ASICs, on exposure to local tissue acidosis, excite the neurons on which they are expressed. ASICs are the primary acid sensors as they are activated by protons at considerably smaller reductions in pH than are TRPV1. Reduction in pH and local acidosis in inflamed tissues are potent contributors to pain and hyperalgesia. An increase in the local hydrogen ion concentration is a common accompaniment of inflammation consequent on tissue damage or disease. It has long been known that low pH (down to 4.7) is commonly found in inflamed tissues and that acidic solutions are particularly painful when injected into the skin.122–127 More generally, high cation concentrations may result in pain, mediated by ASICs and TRPV1, with acute pain-related behavior being evoked by elevated ionic strength. Intraperitoneal injection of MgSO4 evokes writhing responses in mice, whereas salt (NaCl), when applied to injured tissue, evokes a burning pain sensation similar to that evoked by capsaicin, heat, or extracellular protons. Therefore, extracellular cations can result in acute burning pain sensation.90
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ASICs Mediate Pain Sensations from Both Minor and TRPV1-sensitive Reductions in pH
ASICs are activated by extracellular protons. In the periphery, they contribute to the excitation of primary sensory neurons when exposed to an acid solution, including that comprised in an acidic microenvironment. ASICs are H+-gated Na+ channels that belong to the degenerin/epithelial sodium (Deg/ENaC) superfamily of ion channels (fig. 1).128 Six different members of the ASIC subfamily have been cloned (ASIC1a, ASIC1b, ASIC2a, ASIC2b, ASIC3, and ASIC4), which are encoded by four genes. ASIC1b and ASIC2b are splice variants of ASIC1a and ASIC2a.129 All ASICs—with the exception of ASIC4—are expressed in sensory neurons of the dorsal root ganglion. Homomeric ASIC1 can be activated by extracellular H+ in the physiologic pH range. Extracellular, divalent cations, such as Ca2+ and Mg2+, and the polyvalent cation spermine, shift the steady-state inactivation of ASIC1a and ASIC1b to more acidic values. This leads to a potentiation of the channel response and is due to a stabilization of the resting state. ASIC1b is an effective sensor of transient H+ signals during slight acidosis and, in addition to alternative splicing, interaction with divalent and polyvalent cations extends the dynamic range of ASIC H+ sensors.129 ASIC2b (a splice variant of ASIC2a) is acid insensitive.130 There are interesting studies on channel gating in relation to ASIC3 in rat131 and ASIC1 in fish.132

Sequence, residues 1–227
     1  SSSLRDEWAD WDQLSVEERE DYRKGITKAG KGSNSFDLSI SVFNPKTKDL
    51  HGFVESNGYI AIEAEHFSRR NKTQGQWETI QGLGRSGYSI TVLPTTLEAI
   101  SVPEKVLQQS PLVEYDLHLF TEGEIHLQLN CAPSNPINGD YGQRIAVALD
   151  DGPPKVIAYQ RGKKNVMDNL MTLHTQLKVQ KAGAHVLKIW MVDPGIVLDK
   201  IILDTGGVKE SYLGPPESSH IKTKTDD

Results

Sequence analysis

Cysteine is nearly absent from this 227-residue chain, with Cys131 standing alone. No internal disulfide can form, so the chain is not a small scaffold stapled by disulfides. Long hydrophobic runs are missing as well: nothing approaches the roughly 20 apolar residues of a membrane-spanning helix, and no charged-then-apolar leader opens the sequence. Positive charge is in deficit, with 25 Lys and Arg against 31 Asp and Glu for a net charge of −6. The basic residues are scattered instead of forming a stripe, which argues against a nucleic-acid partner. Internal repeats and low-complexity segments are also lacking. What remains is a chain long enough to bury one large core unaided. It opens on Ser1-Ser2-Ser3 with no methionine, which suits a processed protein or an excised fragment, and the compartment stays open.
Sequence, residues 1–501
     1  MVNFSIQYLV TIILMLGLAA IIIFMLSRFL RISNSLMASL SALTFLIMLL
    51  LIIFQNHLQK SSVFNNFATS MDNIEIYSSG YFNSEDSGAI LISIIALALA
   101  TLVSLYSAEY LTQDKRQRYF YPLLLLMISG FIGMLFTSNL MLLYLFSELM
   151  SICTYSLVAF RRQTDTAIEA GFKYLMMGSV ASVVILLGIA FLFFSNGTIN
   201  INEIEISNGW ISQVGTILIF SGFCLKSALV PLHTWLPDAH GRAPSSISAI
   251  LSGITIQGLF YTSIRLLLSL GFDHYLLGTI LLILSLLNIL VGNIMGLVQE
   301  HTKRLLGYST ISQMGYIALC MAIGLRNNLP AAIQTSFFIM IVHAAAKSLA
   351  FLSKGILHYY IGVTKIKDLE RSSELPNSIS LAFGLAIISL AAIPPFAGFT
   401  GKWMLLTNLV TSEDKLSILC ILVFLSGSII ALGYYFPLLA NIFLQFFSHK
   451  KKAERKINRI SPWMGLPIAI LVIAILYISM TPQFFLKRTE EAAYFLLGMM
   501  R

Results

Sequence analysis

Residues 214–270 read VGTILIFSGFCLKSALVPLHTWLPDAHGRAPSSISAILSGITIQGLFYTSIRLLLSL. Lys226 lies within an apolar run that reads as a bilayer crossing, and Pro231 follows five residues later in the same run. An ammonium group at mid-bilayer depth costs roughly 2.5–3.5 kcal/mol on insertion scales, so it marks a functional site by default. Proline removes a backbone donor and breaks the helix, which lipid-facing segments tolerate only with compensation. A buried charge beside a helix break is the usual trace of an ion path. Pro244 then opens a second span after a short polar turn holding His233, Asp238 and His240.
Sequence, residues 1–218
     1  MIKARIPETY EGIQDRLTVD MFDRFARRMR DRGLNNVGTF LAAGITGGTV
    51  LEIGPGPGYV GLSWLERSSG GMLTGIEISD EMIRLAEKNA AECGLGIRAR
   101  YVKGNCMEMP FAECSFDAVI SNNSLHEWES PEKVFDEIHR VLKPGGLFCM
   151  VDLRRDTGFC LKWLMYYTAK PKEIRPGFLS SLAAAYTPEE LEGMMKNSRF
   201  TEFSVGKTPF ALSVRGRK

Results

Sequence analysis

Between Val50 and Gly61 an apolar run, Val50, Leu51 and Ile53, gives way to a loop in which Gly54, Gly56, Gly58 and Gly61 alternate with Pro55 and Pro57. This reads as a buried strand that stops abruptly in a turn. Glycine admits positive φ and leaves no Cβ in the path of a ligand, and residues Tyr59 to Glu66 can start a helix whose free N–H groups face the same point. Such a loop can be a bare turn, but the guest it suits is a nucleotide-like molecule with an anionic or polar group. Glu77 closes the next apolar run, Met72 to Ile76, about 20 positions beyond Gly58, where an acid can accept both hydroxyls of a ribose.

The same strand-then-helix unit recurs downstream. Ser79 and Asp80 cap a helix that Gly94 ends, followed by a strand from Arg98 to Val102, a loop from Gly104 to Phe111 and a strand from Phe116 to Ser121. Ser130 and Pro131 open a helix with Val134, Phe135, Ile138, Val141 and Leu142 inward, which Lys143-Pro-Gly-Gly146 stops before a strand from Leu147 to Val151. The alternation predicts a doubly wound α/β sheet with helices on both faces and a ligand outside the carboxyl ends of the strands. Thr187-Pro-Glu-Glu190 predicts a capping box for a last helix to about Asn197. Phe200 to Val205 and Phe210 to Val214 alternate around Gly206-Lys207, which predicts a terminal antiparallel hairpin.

The extent of the respective roles performed by ASICs and TRPV1 ion channels in mediating acid-induced pain varies between species.133 It may also be the case that the extent of the respective roles performed by ASICs and TRPV1 in mediating acid-induced pain varies between tissues and, indeed, within tissues.134 ASIC expression may also be affected by tissue damage.135
TRPV1 ion channel is modulated by acid at lower pH values than ASICs.21,136 There is evidence that, in humans, TRPV1 plays a relatively minor role in signaling cutaneous acid-induced pain of moderate intensity, with ASICs being the main mediators of pain in that context. However, it may well be that TRPV1 plays a more prominent role in more acidic conditions.136
ASIC expression is increased in inflammatory conditions.137 Arachidonic acid potentiates the currents carried by ASIC1a and ASIC3 in rat dorsal root ganglion neurons.138 Acidic microenvironments may be created by osteoclasts in bone disorders with increased osteoclastic bone resorption. The resulting hyperalgesia is mediated, in part at least, by upregulation of the expression of ASICs.139
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Anesthetic Gases Affecting Activation of TRPV1 and TRPA1 Ion Channels

Certain inhalational anesthetics that result in unconsciousness and, therefore, induce the absence of sensibility to pain may preclude the mental appreciation of pain solely as a result of inducing unconsciousness and not as a result of any concomitant analgesic effect on nociceptive processing. Based on this, surgery may occasionally be painful, of which the patient is unaware by reason of being unconscious under a general anesthetic, but such surgery may nevertheless result in the excitation of primary nociceptive afferents and the excitation of spinal dorsal horn neurons. This process may cause an alteration of nociceptive processing in the dorsal horn of the spinal cord, resulting in a pathologic pain condition. Appreciation of the risk of the occurrence of this phenomenon has resulted in the concomitant administration of analgesics intended to reduce nociceptive processing in spinal dorsal horn neurons. However, it has become clear in more recent times that the general anesthetic itself may not only fail to inhibit nociceptive afferents but may also excite nociceptive primary afferents, thereby contributing to intraoperative excitation of spinal dorsal horn neurons. Ahern et al.140 found that the pungent general anesthetic isoflurane produces inward currents in voltage-clamped TRPA1 expressing HEK293 cells and in cultured mouse dorsal root ganglion neurons. Both isoflurane and desflurane were found to robustly activate TRPA1. In addition, the intravenous general anesthetics, propofol and etomidate, were found to produce a robust activation of TRPA1 in voltage-clamped HEK293 cells. On the basis of this finding, these authors suggest that selective TRPA1 antagonists may represent an effective treatment strategy for preventing the pronociceptive effects of pungent general anesthetics that may otherwise sensitize primary nociceptive afferents during the maintenance of anesthesia.140